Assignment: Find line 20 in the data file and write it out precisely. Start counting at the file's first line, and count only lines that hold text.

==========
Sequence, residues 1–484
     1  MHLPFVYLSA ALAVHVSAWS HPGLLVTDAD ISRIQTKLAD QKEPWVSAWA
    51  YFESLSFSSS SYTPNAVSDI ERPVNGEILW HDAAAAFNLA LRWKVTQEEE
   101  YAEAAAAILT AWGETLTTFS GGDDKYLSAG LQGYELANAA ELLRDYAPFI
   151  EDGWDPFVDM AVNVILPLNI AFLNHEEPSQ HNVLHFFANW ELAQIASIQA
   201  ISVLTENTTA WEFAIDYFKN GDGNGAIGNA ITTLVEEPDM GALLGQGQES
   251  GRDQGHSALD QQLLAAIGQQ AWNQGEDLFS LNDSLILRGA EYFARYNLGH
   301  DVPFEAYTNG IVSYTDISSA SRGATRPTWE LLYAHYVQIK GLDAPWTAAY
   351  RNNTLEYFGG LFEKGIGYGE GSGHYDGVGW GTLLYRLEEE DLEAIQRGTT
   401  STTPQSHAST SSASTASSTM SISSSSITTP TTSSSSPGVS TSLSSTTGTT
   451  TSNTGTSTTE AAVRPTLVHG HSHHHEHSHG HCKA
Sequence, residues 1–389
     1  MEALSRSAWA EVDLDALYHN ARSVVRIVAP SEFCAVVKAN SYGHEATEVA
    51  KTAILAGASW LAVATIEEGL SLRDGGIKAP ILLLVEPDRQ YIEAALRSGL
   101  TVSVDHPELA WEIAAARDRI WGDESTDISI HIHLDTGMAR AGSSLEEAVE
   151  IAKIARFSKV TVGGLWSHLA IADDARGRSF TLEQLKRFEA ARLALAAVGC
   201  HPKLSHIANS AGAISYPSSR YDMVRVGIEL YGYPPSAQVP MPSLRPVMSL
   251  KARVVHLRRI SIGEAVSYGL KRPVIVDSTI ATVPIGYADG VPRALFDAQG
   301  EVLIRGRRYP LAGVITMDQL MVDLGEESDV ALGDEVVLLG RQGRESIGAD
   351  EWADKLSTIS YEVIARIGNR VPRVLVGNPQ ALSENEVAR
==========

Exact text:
   351  EWADKLSTIS YEVIARIGNR VPRVLVGNPQ ALSENEVAR